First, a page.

There are a number of words in the original Greek version of the Beatitudes that are difficult to adequately translate into English. Makarioi, which the New Revised Standard Version of the Bible translates as “blessed”, is one of these. It describes an incredible joy.

 

In the light of this, some of the Beatitudes seem very strange indeed. How can people who are persecuted and reviled have a deep joy? How can Jesus tell them to “rejoice and be glad”? How can those who mourn or those who are meek be blessed, especially when many commentators believe that the word translated as “meek” refers to the oppressed – those humbled by others. And what about those who are poor in spirit? The Greek word for poor here refers to utter destitution, so the poor in spirit are those who are fully aware of all their weaknesses and who, therefore, feel completely helpless – these are not the kind of people we might expect to overflow with joy.

 

The answer to these paradoxes lies in the type of kingdom Jesus was bringing in. At the start of his public ministry, he declared that he had come to bring “good news to the poor”, and to those with little power and significance in the world. His message was one of incredible grace. His kingdom was open to those the world shunned, those who were poor, weak and rejected. The message of the Beatitudes is not one that equates blessing with human effort, as is sometimes assumed. Jesus is not teaching that blessing only comes by trying harder to be meeker or more pure in heart. In fact, the Beatitudes declare how things are, rather than how they could be if only we tried harder. They simply announce how joyful people can be because Christ’s kingdom has broken in to their/our lives bringing hope to those desperate for God’s help. These statements are celebratory rather than depressing.  William Barclay translates this passage:

“O the blessedness of the meek”.

 

What can we learn from the Beatitudes? Firstly, they are attitudes that we need to be and they remind us of God’s grace. The world favours success, confidence, money, power and influence. God’s kingdom is different. Its blessings are not won or deserved, but freely given. They are for the needy, poor and struggling. If we feel inadequate and unworthy, then we have much to rejoice about, for God is with us to bless us.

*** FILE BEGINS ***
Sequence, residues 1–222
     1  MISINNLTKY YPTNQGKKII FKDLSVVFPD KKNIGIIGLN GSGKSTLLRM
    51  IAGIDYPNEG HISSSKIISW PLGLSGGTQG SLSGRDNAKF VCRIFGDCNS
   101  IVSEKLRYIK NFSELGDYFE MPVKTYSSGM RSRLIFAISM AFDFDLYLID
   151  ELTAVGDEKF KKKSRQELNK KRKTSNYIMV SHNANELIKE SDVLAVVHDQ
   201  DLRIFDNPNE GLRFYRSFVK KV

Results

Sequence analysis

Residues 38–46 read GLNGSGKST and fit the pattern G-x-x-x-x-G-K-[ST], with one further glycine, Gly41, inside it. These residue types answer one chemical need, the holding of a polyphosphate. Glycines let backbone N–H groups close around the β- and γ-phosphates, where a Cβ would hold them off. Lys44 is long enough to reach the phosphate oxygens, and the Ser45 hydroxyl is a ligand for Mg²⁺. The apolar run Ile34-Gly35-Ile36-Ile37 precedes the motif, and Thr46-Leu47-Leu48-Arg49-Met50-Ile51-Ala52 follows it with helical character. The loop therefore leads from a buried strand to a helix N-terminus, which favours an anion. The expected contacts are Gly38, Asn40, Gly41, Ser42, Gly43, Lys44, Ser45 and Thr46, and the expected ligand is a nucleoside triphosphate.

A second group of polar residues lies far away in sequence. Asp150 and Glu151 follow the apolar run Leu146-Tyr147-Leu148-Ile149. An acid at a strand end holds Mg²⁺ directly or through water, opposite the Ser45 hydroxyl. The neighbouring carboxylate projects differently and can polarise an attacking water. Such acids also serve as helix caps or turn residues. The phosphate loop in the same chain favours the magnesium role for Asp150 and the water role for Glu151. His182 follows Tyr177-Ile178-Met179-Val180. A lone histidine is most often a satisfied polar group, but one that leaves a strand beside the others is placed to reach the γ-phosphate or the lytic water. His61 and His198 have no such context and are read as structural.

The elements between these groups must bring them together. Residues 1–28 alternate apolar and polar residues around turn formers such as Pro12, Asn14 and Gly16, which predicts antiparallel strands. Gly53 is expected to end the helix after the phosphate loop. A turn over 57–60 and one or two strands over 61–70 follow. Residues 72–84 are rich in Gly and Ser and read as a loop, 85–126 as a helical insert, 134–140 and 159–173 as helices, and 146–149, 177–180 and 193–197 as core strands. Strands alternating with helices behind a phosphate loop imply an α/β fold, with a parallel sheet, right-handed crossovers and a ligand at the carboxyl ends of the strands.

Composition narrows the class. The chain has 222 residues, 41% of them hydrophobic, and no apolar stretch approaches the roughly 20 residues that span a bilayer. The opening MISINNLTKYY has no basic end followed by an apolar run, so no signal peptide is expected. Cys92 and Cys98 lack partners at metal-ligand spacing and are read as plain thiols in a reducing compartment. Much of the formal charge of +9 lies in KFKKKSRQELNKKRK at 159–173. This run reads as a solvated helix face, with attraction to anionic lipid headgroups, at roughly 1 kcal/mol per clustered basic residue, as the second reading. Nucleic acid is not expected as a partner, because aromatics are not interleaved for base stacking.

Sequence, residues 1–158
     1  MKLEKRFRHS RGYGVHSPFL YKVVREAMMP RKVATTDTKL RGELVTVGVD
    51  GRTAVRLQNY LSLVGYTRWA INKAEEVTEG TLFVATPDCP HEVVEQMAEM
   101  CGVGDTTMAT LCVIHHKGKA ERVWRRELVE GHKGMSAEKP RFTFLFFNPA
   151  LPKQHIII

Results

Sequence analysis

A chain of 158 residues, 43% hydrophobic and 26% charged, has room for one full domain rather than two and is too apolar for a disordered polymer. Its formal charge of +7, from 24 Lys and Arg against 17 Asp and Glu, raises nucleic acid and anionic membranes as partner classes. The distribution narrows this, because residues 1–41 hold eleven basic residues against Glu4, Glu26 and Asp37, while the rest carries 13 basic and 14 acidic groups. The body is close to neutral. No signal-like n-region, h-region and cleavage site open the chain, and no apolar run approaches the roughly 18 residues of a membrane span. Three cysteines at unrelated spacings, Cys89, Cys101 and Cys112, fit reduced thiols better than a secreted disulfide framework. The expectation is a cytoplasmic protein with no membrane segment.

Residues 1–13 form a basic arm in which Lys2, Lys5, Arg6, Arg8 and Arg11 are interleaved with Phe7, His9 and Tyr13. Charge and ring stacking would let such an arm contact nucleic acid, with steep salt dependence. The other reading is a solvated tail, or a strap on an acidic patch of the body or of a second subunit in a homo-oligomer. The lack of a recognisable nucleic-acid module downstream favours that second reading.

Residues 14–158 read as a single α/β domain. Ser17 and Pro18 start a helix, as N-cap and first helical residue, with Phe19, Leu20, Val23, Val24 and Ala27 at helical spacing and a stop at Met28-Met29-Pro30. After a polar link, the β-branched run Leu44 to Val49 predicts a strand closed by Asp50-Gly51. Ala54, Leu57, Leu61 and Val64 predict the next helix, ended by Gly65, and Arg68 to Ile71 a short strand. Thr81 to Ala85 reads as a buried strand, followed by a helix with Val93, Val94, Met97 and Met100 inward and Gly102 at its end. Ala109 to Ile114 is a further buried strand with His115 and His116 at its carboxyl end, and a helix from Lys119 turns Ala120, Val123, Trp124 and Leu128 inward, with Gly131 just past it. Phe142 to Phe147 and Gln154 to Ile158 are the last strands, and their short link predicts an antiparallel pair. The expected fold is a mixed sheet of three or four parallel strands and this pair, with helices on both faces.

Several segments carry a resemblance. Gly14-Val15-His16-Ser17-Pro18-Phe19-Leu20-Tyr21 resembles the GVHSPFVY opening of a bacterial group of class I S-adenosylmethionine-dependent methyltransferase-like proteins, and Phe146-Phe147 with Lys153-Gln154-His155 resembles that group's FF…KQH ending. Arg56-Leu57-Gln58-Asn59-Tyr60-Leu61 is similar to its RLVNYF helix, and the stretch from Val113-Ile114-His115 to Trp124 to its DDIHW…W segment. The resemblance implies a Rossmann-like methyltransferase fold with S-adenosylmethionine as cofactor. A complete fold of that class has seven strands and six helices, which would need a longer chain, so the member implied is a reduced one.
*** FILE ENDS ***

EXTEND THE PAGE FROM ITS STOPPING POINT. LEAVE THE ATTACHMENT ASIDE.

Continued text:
The blessings or joy of the Beatitudes involves more than just feeling happy, for that often depends upon how well things are going for us. We might feel happy, for instance, if we are offered a better job or inherit some money. However, if someone has just stolen our car, or we have been made redundant we will probably not feel very blessed. Fortunately, the blessedness the Beatitudes describe is a joy that exists regardless of personal circumstances. We have joy, not because our lives are easy, but despite our pain and troubles – for joy is the product of knowing God’s unconditional love, presence and assurance of salvation.

 

We can experience this joy in every circumstance we find ourselves in as our heavenly Father’s love is unfailing. So Paul was right we are  saints, our lives blessed by God regardless of the struggle, weakness, fear, anger and any of the gamut of emotions we are experiencing living through this Pandemic  and in the future.  We don’t have lives like the plaster and stained glass Saints, we are just ordinary folk learning to rely on God day by day.

 

And so we pray:

 

We give thanks to God for the Saints who have gone before, those who gave their lives for the sake of the gospel, those who spent their lives in service for others and those whose names we will never know this side of glory.

Help us Lord to live each day with the right attitudes,  to ‘be’ in your presence and to know that we are blessed. Amen

 

All Saints